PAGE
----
The UK does not have much “headroom” for rising coronavirus (Covid-19) cases before the NHS becomes “heavily stressed”, an expert advising the government has told MPs.
Higher than elsewhere
Professor Neil Ferguson, a member of the Scientific Advisory Group for Emergencies (Sage) from Imperial College London, said the political decision to “live with Covid” was behind the UK’s current level of transmission, which is higher than in many other countries. He also reiterated his belief that the UK was too slow to lock down last autumn, a decision that cost lives.
Ferguson suggested the government’s Plan B for tacking coronavirus, which could see mandatory face masks brought back, Covid passports introduced, and people told to work from home, could be triggered if hospital admissions reached 1,200 a day from the current figure of about 600.
He told the all-party group on coronavirus:
We are starting with quite a high incidence and so we don’t have very much headroom for increases.
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If we compare, for instance, incidence of Covid cases per day in France, Germany, Spain, Italy and Portugal, there is a much lower level than us, so they can afford to see something of a surge of transmission, which they may well, without unduly stressing the health system.
We are much closer to the limit of what the NHS can cope with. We will come on to plan B, I think that is what is exercising Whitehall and policymakers, is that limited headroom.
He said there was a high level of unpredictability in the modelling but added:
We could see continued flat incidence, even slow decline if we get boosters out quickly.
So it’s not guaranteed we will see a large winter surge by any means, but we can’t afford, at the current time, to have too much of a winter surge before really the NHS is very heavily stressed.
Asked about what other countries were doing, and whether the UK wants to keep case rates down, Ferguson said:
The Government clearly has said, it’s not really science here, it’s a political judgment, they want to live with Covid.
Their prime criteria for acting is additional pressure on the NHS.
Ferguson, whose modelling was instrumental to the UK going into lockdown in March 2020, also told MPs that the number of people who have died from coronavirus is intrinsically linked to when governments intervened to lock down. He said:
Historically, looking back on the pandemic, the principle determinate of mortality has been timing of interventions relative to the stage of the epidemic reached in a particular country.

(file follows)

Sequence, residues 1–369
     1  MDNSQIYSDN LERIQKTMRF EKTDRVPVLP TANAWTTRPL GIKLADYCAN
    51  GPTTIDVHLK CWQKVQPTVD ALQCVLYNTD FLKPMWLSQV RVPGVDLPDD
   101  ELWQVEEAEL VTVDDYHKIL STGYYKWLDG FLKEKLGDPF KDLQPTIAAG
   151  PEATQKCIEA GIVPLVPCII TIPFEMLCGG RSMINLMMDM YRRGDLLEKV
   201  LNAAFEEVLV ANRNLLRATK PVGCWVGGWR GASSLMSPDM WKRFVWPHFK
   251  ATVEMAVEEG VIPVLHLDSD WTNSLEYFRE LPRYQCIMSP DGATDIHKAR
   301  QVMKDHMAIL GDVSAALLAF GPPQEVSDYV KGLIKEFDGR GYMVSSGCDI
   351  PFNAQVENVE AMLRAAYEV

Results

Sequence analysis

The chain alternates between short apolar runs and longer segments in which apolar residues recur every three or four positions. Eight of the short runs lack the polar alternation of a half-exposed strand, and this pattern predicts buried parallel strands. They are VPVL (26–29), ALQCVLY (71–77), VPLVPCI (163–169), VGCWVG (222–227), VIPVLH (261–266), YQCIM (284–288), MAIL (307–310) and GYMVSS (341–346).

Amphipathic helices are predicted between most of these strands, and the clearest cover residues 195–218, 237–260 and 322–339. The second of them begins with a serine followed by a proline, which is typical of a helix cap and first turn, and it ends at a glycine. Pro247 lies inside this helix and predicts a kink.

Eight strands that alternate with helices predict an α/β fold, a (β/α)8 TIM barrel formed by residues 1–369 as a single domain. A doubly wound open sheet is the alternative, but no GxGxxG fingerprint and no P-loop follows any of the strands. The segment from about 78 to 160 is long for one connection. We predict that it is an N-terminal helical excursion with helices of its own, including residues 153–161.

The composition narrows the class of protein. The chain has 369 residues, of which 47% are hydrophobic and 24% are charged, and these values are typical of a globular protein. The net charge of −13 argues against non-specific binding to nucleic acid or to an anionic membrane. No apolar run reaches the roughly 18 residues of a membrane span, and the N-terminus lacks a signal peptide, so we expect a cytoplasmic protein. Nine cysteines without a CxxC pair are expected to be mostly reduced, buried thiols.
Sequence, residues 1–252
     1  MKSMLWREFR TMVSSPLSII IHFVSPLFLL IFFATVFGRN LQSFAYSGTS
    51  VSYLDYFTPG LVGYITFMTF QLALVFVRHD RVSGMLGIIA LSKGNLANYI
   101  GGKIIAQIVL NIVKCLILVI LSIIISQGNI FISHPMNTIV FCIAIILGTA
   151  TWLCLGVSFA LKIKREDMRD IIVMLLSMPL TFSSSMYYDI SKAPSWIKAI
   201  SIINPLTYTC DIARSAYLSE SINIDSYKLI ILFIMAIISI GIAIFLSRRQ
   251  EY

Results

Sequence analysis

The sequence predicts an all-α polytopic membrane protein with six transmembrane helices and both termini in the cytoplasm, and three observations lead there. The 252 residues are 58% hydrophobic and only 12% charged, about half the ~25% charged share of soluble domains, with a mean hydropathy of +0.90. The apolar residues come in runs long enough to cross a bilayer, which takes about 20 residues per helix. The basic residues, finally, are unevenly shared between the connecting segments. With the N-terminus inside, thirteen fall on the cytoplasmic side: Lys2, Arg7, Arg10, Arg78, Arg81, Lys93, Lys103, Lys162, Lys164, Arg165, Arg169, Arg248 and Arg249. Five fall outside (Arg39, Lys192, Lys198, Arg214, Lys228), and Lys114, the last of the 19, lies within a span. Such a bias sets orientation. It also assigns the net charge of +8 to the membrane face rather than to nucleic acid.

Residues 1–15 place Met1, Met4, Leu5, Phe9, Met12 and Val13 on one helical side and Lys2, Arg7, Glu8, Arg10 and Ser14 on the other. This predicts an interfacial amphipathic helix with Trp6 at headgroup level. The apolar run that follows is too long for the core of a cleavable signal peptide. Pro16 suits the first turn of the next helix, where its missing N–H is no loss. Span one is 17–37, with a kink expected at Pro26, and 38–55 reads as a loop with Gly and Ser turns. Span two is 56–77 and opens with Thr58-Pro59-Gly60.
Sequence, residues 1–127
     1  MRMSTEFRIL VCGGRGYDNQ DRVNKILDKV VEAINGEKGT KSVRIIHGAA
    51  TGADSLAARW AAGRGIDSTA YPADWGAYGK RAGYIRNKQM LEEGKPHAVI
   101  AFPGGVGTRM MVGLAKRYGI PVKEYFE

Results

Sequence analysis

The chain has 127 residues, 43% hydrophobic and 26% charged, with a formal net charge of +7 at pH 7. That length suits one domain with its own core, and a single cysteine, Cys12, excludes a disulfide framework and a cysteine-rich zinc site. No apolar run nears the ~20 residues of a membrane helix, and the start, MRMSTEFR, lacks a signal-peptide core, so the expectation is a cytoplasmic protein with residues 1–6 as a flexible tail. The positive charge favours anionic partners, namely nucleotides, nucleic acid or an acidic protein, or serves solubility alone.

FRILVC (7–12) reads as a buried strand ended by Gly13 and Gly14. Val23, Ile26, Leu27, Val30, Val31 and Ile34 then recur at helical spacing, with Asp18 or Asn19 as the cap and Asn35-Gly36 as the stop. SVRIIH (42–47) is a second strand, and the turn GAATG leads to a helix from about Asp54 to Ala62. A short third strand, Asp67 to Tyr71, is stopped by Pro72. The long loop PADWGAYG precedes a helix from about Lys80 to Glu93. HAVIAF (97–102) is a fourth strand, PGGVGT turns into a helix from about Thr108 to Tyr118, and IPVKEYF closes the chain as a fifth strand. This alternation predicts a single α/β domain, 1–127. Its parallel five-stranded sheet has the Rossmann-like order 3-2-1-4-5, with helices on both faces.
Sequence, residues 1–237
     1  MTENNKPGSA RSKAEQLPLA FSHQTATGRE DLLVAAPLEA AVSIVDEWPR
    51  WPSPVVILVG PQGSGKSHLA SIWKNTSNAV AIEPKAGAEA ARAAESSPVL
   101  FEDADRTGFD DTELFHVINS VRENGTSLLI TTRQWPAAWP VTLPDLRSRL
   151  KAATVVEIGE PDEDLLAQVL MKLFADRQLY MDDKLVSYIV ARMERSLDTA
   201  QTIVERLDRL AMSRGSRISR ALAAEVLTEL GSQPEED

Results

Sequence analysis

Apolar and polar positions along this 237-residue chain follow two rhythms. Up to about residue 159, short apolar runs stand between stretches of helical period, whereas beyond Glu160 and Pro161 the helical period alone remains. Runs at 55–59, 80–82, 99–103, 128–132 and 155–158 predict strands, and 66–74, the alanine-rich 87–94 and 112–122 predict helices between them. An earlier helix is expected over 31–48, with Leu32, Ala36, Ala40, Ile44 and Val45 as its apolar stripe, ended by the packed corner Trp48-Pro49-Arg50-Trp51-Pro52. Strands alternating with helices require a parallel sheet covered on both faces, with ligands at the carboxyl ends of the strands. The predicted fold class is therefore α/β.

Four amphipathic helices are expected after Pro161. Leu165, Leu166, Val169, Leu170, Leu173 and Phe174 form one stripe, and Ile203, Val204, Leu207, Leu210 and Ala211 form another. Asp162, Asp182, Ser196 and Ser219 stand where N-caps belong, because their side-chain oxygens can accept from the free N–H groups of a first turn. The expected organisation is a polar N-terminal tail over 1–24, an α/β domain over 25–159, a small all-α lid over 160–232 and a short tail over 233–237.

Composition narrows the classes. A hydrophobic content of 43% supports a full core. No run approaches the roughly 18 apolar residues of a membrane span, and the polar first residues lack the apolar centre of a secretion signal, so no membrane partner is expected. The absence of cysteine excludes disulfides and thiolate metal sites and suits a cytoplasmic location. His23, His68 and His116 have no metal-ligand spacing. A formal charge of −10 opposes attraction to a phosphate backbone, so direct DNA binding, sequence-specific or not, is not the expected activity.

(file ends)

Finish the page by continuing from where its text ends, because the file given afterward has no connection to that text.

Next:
And that explains certainly nearly all the variation I’ve seen across Europe in the first wave of transmission.
I think a lot of countries frankly were much too slow in acting in the autumn of last year.
I wouldn’t pick out the UK uniquely. Clearly there are some countries, like Denmark and others, who acted promptly, but a lot of the big nations in Europe acted rather slowly.
He said the UK had been unfortunate in seeing an early rise in Alpha variant cases and had been the worst-affected country in Europe by the Delta variant:
So some of these things are misfortune, let’s say, and I think I’ve been much more content with the timeliness of interventions since about December of last year than previously.
But still, it all comes down to timing.
Ferguson said the key determinates of what is going to happen in the next few months, given that most countries have relaxed most social distancing, “is the level of population immunity traded off against the level of contact rates in the population”.
He said the UK was now behind Spain, Portugal, and “probably even France and Netherlands” in terms of population immunity. However, people in the UK were not seeing each other and having the same level of contact as before the pandemic, which was helping the situation. He said:
I don’t think we’re in a position where we can make reliable predictions of what the next few months will hold, (but) the key uncertainties are: what will happen to population immunity – we know that it wanes over time; what will happen to contact rates in the population; and then layered on top of that, the effect of seasonality in transmission due to climate – which we still don’t fully understand either.
I personally think it’s unlikely we’ll see a very large wave comparable to what we saw in the second wave last year, but we could still see quite a substantial wave of transmission, and the real challenge will be the extent to which that stresses the NHS, where capacity is limited.
The expert told MPs that in order to move away from the “emergency situation” of the pandemic, the “number one thing” the government can do is “increase vaccination coverage, increase booster coverage”.
He added that he believed that over the next few years the country would see seasonal surges of transmission that will “challenge the health system on top of flu and everything else”.
Whether we need in some years to come to rely on some degree of mitigation beyond just vaccination remains to be seen.
Also speaking to MPs, Martin McKee, professor of European public health at the London School of Hygiene and Tropical Medicine, said the UK was “not doing well” in terms of cases or daily deaths when compared with other European countries. He added:
In terms of vaccine uptake – we were well in the lead at the beginning, but we have slipped considerably so we’re running at about 66% or so of the total population
He said Portugal was at 85%, Spain at about 78%, and “France is catching up quickly”.
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